All health professionals – including pharmacists – as well as consumers have a responsibility to reduce the dependence of antibiotics in Australia, says PSA.
New research shows Australia continues to lag behind other nations on antimicrobial use in the community and around 50% of patients surveyed with a cold or upper respiratory infection had an antibiotic prescribed when it wasn’t needed, the Antimicrobial Use and Resistance in Australia (AURA) report showed.
Australian health officials also highlighted that the AURA report is an important “wake-up call” to individuals and health professionals to work together to prevent the spread of antibiotic resistance.
PSA National President Joe Demarte says pharmacists can play a fundamental role in antimicrobial stewardship in Australia.
“The pharmacy profession in partnership with the Federal Government, other health practitioners and consumers, must make an effective and sustained contribution to a national response to antimicrobial resistance,” Demarte says.
“Advice about the use of antibiotics must be disseminated to consumers, in addition to antibiotic awareness weeks and other time-limited campaigns.”
Demarte says many people suffering from flu or respiratory problems may think a treatment with antibiotics is needed.
“However pharmacists can give the proper counselling for these health problems, ensuring that patients have a good understanding of their illness and realistic expectations of its progression,” Demarte says.
“Pharmacists regularly assist patients, even when a prescriber has made the appropriate evidence-based decision not to prescribe an antimicrobial. In some cases, patients may require advice on symptomatic treatments.”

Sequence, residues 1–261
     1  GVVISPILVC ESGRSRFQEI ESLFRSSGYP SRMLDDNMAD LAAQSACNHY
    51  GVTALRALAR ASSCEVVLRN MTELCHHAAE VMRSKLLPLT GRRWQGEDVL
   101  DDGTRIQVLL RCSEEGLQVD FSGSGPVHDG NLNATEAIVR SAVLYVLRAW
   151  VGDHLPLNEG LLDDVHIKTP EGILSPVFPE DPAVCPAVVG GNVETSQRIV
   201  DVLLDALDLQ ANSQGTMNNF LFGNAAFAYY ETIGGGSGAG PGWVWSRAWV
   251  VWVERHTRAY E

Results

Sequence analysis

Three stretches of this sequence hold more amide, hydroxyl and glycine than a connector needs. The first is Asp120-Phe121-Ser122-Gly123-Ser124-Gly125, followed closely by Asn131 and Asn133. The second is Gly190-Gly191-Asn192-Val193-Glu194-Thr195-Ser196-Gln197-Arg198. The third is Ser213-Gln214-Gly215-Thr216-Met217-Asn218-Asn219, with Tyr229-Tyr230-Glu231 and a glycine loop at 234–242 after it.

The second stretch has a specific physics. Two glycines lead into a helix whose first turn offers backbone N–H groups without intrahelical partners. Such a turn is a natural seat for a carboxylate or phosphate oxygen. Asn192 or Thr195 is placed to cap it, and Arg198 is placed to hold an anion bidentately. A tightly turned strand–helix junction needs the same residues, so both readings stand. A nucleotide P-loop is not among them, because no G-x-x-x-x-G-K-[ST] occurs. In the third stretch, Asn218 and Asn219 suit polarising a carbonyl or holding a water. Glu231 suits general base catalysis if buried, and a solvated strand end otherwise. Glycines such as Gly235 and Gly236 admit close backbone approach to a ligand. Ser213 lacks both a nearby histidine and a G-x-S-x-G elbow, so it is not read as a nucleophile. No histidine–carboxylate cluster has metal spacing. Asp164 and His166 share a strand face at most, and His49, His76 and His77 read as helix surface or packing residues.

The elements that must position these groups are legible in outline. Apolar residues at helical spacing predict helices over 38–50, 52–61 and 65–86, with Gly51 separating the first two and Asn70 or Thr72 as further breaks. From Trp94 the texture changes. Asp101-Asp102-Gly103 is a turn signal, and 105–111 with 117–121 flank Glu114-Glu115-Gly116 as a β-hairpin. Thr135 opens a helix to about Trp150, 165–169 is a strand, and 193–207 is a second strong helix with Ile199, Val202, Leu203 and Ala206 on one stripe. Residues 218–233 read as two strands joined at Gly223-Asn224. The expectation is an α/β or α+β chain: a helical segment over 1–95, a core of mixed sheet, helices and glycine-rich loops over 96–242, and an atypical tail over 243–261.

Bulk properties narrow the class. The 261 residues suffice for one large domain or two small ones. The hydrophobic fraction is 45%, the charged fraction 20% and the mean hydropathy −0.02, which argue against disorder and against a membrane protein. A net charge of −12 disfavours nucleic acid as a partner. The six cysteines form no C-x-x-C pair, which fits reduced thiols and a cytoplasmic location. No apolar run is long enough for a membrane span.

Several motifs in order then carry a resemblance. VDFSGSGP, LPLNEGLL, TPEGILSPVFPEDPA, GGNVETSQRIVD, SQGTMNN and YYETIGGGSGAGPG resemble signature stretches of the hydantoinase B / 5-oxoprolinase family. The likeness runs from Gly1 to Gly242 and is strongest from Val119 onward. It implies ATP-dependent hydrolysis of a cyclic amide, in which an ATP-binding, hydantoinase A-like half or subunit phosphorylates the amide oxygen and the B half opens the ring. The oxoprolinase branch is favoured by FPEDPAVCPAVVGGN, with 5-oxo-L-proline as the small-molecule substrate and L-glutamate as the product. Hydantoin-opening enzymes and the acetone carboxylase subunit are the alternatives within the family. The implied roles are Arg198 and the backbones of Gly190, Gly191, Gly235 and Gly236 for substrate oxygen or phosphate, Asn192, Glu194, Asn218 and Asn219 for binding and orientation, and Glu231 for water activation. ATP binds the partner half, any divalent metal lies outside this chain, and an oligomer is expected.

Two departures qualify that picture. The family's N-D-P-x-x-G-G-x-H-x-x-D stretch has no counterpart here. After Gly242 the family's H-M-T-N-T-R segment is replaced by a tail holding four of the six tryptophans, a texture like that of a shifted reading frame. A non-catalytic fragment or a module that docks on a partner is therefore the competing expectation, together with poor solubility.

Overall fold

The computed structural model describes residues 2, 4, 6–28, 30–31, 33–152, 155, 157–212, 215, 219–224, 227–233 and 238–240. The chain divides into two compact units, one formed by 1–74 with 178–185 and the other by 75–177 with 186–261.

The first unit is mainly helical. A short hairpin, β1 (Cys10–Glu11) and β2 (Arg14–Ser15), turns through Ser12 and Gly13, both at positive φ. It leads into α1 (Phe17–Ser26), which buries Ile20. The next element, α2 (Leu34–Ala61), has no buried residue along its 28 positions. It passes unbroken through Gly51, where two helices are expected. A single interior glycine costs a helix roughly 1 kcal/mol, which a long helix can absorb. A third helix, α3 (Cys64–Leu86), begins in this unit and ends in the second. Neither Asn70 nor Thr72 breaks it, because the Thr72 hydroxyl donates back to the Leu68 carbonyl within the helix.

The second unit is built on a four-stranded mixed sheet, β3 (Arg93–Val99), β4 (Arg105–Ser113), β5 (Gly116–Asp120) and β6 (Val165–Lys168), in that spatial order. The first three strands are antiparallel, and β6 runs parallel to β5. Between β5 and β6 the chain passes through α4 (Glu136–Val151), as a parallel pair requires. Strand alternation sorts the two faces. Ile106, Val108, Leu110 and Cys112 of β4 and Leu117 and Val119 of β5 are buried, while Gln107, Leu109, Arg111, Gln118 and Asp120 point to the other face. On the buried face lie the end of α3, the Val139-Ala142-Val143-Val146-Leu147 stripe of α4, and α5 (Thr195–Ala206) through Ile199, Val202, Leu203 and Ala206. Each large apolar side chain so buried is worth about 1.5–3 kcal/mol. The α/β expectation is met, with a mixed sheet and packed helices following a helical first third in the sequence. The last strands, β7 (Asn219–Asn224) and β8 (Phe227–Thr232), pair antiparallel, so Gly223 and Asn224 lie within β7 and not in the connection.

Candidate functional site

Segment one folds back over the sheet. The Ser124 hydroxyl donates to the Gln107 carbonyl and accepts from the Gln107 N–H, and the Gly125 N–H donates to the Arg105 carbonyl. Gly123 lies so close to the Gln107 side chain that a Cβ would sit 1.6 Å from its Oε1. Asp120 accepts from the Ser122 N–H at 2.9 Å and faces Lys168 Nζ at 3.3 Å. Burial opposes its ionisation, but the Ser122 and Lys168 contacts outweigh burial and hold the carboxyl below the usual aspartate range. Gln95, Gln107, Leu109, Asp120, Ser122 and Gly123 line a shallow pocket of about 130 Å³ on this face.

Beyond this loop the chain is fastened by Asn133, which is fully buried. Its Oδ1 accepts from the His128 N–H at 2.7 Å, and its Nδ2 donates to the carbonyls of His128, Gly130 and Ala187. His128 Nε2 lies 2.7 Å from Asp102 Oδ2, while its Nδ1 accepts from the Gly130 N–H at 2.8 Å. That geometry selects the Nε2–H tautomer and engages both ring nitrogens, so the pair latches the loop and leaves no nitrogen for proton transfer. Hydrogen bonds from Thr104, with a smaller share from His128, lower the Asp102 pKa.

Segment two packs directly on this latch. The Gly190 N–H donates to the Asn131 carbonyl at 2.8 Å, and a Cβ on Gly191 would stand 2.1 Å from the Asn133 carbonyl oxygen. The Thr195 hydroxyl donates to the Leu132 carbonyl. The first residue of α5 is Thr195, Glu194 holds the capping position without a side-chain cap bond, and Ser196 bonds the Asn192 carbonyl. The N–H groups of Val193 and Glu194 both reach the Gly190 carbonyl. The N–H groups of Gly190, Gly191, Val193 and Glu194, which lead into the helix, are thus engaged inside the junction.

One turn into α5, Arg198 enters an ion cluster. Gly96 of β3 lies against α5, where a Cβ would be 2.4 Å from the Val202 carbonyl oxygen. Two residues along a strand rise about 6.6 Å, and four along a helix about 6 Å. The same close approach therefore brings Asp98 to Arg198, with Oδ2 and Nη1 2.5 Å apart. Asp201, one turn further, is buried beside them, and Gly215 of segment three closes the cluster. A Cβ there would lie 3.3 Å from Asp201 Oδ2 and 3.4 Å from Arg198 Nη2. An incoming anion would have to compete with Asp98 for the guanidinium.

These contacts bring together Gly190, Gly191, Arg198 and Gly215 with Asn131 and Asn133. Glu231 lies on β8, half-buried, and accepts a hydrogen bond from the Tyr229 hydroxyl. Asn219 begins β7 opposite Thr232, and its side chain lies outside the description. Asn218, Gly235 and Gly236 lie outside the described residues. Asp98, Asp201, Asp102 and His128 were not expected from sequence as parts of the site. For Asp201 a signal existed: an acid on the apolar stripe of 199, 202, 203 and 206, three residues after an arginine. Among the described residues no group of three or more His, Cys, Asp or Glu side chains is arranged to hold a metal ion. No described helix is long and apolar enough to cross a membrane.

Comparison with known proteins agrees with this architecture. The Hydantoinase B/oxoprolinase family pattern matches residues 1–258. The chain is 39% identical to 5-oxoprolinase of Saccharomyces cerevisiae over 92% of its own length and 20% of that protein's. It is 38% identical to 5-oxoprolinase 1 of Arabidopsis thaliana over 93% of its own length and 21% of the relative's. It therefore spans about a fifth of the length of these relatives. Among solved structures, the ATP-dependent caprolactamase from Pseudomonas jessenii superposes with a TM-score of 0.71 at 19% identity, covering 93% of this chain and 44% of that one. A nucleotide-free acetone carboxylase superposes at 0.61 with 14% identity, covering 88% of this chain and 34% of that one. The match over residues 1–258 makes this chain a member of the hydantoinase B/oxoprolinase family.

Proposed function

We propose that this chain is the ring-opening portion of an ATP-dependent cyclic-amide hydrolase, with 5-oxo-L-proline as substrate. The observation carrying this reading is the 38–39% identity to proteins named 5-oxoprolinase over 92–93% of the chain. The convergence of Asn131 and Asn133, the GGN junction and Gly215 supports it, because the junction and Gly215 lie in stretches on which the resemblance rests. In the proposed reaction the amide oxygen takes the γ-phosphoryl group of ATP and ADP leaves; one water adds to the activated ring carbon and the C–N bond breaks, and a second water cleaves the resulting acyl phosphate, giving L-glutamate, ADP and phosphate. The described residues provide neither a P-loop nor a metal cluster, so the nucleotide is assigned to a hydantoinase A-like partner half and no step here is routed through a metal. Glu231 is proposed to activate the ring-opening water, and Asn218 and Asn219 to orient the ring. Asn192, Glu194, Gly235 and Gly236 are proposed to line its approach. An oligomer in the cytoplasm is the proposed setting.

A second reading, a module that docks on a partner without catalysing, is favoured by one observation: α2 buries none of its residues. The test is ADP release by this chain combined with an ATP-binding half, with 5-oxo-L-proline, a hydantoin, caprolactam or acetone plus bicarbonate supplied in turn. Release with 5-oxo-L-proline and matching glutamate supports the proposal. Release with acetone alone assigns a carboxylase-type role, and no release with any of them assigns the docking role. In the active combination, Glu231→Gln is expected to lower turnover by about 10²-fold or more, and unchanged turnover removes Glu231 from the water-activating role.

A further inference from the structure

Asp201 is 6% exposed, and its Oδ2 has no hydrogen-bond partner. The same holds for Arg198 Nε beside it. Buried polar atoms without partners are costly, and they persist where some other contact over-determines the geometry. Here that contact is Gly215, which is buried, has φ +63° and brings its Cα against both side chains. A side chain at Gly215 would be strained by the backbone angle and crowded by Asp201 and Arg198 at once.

He says PSA continues to work closely with the Federal Government to:
- strengthen consumer awareness initiatives to improve understanding of antimicrobial resistance and the importance of using antibiotics appropriately;
- strengthen communication and education initiatives for pharmacists in AMR; and
- encourage continued increases in vaccination rates to prevent infections.
PSA also supports new initiatives that encourage better communication between prescribers, consumers and pharmacists around the intent of delayed prescriptions or repeats for antibiotics.
“There are innovative projects underway, including by the University of Queensland, as part of a program offering advice to a patient to only have a prescription filled at a pharmacy after a few days if symptoms are not settling or become more severe. A sticker will be applied to the prescription labelling it as a delayed prescription,” Demarte says.
“These are perfect opportunities for pharmacists to have a conversation with consumers about antimicrobial resistance.”